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Colorectal cancer

SARA HECHT, RN BSN

WATERLOO — When you see the color blue, what does it mean? To me, Allen Digestive Health and others, blue is a color that represents hope and spreading awareness about colorectal cancer.

According to the American Cancer Society, colorectal cancer is the second leading cause of cancer related deaths among both men and women and is the third most commonly diagnosed form of cancer. Colorectal cancer is diagnosed in one out of 20 people in their lifetimes. In 2018 alone, there was an estimated 140,250 new diagnosis and 50,630 estimated deaths. Currently 30-plus million people are not up to date on their screenings.

Data suggests the incidence of colorectal cancer in those younger than 50 is on the rise, and more young people are now being diagnosed with colorectal cancer. The American Cancer Society states 10 to 11 percent of colon cancers and 18 percent of rectal cancers are diagnosed in individuals younger than 50. Even though the incidence rate is high, colorectal cancer is one of the more preventable and, if found early, treatable forms of cancer.

This March help spread the word regarding colon cancer awareness. We wear blue to support you!

Negativisim

JAMES KERNS

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CEDAR FALLS — We are again seeing ads projecting support of social programs as negatives in our society. When I see these ads, I suspect the authors may not understand how their comments work against their own self interests.

Consider the following social programs/institutions as examples: public libraries, public schools, Social Security, Medicare. The intent of these programs/institutions is to improve our society. If you have benefited from any of these, your actions demonstrate socialistic tendencies. Different economic and political approaches should be appropriate for the issue at hand.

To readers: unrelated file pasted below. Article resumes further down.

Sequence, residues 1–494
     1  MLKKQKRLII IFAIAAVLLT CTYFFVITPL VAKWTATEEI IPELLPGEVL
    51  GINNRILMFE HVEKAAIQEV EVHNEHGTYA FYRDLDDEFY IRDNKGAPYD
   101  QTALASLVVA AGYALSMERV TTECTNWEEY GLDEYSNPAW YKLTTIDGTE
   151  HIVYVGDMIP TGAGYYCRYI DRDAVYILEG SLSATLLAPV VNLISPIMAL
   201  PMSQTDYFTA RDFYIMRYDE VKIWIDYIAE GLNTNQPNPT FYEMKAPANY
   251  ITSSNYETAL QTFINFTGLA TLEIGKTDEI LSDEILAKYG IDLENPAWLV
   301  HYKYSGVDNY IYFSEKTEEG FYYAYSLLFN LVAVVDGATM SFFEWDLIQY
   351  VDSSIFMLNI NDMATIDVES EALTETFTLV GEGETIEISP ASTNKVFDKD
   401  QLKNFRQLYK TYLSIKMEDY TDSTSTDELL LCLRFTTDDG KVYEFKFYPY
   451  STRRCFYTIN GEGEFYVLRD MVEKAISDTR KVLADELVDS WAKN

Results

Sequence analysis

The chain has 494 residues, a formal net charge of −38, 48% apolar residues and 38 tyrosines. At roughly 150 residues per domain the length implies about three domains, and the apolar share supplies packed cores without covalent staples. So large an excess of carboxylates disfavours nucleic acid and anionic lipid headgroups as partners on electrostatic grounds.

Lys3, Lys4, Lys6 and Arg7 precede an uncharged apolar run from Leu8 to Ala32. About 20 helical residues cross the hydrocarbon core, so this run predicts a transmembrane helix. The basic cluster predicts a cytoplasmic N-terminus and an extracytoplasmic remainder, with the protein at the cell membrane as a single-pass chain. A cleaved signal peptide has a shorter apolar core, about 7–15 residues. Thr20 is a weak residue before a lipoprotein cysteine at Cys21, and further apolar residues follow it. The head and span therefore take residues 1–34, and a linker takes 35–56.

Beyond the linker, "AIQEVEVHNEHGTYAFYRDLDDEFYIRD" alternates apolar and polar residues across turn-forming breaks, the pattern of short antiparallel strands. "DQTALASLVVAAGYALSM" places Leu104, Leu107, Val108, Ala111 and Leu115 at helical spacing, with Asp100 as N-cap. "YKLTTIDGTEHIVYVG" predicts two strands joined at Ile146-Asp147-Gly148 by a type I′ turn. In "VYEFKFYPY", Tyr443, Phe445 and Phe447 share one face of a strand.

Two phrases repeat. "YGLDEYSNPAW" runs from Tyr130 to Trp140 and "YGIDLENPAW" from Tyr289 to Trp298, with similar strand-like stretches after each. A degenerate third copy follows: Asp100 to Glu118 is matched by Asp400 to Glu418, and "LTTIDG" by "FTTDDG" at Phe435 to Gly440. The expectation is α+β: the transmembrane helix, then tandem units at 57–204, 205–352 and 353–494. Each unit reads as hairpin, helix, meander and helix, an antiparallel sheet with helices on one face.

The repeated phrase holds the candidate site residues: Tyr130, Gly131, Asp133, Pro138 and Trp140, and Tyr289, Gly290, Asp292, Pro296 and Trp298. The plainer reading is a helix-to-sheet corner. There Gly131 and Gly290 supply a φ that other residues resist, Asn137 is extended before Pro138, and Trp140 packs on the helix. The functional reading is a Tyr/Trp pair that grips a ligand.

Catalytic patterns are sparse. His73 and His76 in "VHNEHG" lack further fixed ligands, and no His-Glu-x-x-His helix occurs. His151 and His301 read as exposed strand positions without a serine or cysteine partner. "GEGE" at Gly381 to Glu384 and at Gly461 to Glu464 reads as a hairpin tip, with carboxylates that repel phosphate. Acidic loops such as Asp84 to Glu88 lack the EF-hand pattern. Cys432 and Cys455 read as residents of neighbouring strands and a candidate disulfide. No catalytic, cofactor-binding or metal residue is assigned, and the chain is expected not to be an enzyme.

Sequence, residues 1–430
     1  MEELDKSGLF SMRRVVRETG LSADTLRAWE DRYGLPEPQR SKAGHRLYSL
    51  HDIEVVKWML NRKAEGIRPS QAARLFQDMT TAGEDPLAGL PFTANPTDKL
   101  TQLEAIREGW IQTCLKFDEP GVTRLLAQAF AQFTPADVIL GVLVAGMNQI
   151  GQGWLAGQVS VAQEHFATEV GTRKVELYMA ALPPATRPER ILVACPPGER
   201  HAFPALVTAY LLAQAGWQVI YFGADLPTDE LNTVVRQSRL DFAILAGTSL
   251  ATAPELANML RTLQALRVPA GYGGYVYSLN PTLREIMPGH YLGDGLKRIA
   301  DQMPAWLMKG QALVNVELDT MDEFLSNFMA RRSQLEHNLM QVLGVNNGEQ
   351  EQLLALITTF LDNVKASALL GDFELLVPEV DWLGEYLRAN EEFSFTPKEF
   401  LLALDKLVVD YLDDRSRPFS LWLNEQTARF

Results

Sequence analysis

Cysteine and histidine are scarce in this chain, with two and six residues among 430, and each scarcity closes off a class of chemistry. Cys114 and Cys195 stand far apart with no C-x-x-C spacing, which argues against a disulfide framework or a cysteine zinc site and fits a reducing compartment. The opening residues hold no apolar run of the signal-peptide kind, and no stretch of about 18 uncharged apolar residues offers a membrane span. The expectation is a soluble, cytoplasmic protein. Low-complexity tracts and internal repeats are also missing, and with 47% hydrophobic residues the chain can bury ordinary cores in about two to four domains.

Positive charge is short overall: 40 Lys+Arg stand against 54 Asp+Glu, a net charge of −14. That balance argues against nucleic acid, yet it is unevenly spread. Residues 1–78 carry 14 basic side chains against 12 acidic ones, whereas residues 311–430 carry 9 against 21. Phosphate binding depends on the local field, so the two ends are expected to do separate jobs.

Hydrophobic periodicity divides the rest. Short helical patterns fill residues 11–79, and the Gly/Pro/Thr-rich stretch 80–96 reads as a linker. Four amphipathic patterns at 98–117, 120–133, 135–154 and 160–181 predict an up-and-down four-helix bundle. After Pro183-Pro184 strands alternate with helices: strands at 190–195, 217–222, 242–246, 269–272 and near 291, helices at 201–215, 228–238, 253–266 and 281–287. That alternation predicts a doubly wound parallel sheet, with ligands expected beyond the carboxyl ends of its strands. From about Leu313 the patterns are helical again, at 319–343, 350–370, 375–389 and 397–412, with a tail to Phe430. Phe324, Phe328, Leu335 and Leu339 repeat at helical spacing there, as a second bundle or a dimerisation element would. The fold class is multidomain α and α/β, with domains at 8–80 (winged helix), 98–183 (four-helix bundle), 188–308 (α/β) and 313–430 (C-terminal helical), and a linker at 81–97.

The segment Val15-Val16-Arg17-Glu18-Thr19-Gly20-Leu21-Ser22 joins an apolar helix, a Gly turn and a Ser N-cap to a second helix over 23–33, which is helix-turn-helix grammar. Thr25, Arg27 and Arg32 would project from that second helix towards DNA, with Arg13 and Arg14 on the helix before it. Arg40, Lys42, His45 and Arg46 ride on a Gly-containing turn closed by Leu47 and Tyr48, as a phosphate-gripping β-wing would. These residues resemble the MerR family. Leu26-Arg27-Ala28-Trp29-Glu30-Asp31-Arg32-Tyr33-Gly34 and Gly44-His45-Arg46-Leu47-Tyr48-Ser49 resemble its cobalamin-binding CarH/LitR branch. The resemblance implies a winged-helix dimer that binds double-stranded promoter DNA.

Capitalism is terrific for building a strong economic base, and it requires appropriate checks and balances. Different issues may require different approaches. I think it was Mark Twain who said “If the only tool you have is a hammer, every problem tends to look like a nail.” I encourage us all to work to separate issues and to really think through those issues in order to come up with better solutions.

Sour grapes

STEVE KAPLER

WATERLOO — I have a reflexive aversion to hopping on accusatory bandwagons. So when I read a Courier editorial from January wherein a New York Times reporter quoted Iowa Rep. Steve King as defending white supremacy, I held off making immediate conclusions. King’s detractors pounced on the remark as proof of his “racist” core. The Courier issued an editorial screed so bitter, one could almost taste the bile. Me? I took a step back, to check his actual voting record in Congress, because words can get twisted. A man’s voting record shows his true core. King’s is a conservative record to be sure, but a far cry from racist. I admire the guy, despite his rhetorical stumbles.

You know the drill. First, the “gotcha” interview. Then attack and ostracize the PC offender. Finally, liberal media, Democrats and pearl-clutching Republicans render their solemn, virtue-signaling verdict: “Racist!” Editorial rants, biased news stories and cartoons notwithstanding, I dismiss The Courier’s Steve King-as-bigot narrative as sour grapes over his 2016 re-election.

Thomas Sowell has written: “Racism is not dead, but it is on life support — kept alive by politicians, race hucksters and people who get a sense of superiority by denouncing others as ‘racist.’”

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